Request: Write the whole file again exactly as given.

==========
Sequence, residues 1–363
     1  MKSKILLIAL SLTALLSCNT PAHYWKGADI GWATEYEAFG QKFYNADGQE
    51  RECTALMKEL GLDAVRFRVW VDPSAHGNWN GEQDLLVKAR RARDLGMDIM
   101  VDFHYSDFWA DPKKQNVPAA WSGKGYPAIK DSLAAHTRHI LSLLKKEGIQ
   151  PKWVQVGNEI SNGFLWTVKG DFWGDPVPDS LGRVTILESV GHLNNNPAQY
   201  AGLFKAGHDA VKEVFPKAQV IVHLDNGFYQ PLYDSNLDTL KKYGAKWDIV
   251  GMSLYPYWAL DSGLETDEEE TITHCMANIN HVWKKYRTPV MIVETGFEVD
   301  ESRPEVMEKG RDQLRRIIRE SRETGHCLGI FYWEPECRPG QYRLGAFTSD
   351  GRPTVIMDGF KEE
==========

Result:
Sequence, residues 1–363
     1  MKSKILLIAL SLTALLSCNT PAHYWKGADI GWATEYEAFG QKFYNADGQE
    51  RECTALMKEL GLDAVRFRVW VDPSAHGNWN GEQDLLVKAR RARDLGMDIM
   101  VDFHYSDFWA DPKKQNVPAA WSGKGYPAIK DSLAAHTRHI LSLLKKEGIQ
   151  PKWVQVGNEI SNGFLWTVKG DFWGDPVPDS LGRVTILESV GHLNNNPAQY
   201  AGLFKAGHDA VKEVFPKAQV IVHLDNGFYQ PLYDSNLDTL KKYGAKWDIV
   251  GMSLYPYWAL DSGLETDEEE TITHCMANIN HVWKKYRTPV MIVETGFEVD
   301  ESRPEVMEKG RDQLRRIIRE SRETGHCLGI FYWEPECRPG QYRLGAFTSD
   351  GRPTVIMDGF KEE